Remember the days of using an alarm clock? When you didn’t have an early riser barreling into your room at 5 a.m.? Neither do we. If you’ve been reaching for the caffeine to cure those crazy wake-up calls, it’s time to make a plan! From OK to Wake clocks to shuffling nap times, we’ve rounded up ways to deal with your mini early birds. Continue on for helpful tips that will make everyone much happier in the morning.
1. Try an OK to Wake clock.
These smart gadgets teach your kiddo when it’s the right time to get out of bed by glowing green. They will quickly learn, just like a stoplight, green means GO! Throw one into your Amazon basket by clicking here.
2. Keep their room “sleepy.”
Your little ones may not be in the mood to rest if the sunlight is streaming through their shades, and they can hear every car outside their window. Try making their room more sleep-friendly by installing blackout curtains and turning on a white noise machine to keep any loud sounds at bay.
photo: acturneruk via Flickr
3. Try to soothe them back to sleep
If your kid is up at the crack of dawn (or before!), try to coax him back to sleep first. Give him his blanket, stuffed animal, a pacifier or any other lovies he’d need to feel calm and comfortable. Rub his back to send him back to Dreamland (without picking him up).
photo: donnieray via Flickr
4. Adjust the sleep schedule.
Your little one may be waking too early because her resting times aren’t timed well.Try shifting her sleep around for a few days—moving her first nap back so she’s are not overtired when it’s time to shut her eyes, and making sure she’s not sleeping too late in the afternoon, as this can mess with bedtime. Or, perhaps your early bird needs less of a nap during the day to sleep later in the morning or could stand to go to bed a little later than he currently does.
5. Point out wake-up time.
When it’s time to wake up (6 a.m, 7 a.m., you choose!), open the shades, sing a song, say “good morning.” Let your little one know that now is the time to wake up—when the sun is shining, and Mom or Dad comes to get them.
photo: no film via Flickr
6. Place toys in their crib.
If your little one is waking too early, waiting for you to come pick her up, try placing a few toys or books in her crib or on the floor in her room. She may be able to play until she falls back to sleep. Just be careful—unless your little one is old enough to know she shouldn’t climb furniture, she shouldn’t be left alone to play in her room.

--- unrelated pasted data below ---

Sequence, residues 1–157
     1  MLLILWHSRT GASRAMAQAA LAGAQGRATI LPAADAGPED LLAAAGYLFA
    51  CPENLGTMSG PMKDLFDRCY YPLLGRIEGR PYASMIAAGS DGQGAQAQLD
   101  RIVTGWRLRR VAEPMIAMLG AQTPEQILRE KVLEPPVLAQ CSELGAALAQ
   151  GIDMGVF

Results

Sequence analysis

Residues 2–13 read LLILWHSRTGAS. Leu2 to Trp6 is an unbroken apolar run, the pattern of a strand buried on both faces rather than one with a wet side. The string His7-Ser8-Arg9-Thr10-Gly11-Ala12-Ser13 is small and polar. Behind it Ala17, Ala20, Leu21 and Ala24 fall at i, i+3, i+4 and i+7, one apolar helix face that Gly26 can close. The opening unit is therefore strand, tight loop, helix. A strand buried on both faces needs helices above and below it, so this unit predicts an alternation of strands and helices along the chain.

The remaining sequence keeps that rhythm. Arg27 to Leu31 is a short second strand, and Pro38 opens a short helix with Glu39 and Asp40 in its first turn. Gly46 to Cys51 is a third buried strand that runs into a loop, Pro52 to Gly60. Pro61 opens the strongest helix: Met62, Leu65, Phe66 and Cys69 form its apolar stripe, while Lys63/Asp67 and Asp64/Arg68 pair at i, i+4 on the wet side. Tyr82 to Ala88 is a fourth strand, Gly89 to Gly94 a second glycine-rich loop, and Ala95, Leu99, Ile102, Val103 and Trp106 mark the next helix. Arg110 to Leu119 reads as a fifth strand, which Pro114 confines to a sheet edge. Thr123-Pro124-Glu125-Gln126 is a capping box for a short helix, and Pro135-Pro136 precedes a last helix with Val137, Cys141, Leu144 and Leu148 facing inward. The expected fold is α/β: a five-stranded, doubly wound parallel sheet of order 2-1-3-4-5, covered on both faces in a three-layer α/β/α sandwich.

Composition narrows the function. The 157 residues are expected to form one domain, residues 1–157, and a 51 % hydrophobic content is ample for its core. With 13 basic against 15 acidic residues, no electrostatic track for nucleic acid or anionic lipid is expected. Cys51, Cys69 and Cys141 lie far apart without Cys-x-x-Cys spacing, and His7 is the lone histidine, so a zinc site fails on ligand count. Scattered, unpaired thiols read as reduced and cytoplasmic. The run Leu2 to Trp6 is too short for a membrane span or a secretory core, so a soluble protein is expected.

7. Find out what’s waking them.
Are they waking up because of a full diaper? Try changing them and putting them back down. Is it because they’re cold? Try a sleep sack so they cannot kick off their covers. Are they hungry? Offer a healthy snack before bed if they are eating around 5 or 5:30 p.m. Are they thirsty? If your child is old enough, leave a sippy cup near their bed.
photo: ebeth via Flickr
8. Introduce a reward system.
Create a chart system that rewards your child for staying in her room until it’s time to wake up or she is allowed to come into Mom and Dad’s room. Sometimes incentives are all they need to learn to stay in bed!
photo: david_martin_foto via Flickr
9. Stay in the room.
Until your tot can learn to stay in bed until a reasonable hour, try staying in his room—either in a chair or lying next to him. Close your eyes so you are not too engaged (prompting excitement for waking up!) and hum a soft song, rub his arm or the ever-popular “shushing.” Once he’s fallen asleep, you can tip-toe out!
10. Be patient and consistent.
Not all kids pick up on sleep cues right away, so be patient. Remember that they are learning just as much as you are. And always be consistent! You can’t expect a routine wake-up time if you don’t stick to the schedule every day. That means not letting your little ones skip naps on weekends due to your plans or pushing their bedtime “just this once.”
How do you deal with early risers? Share with us below!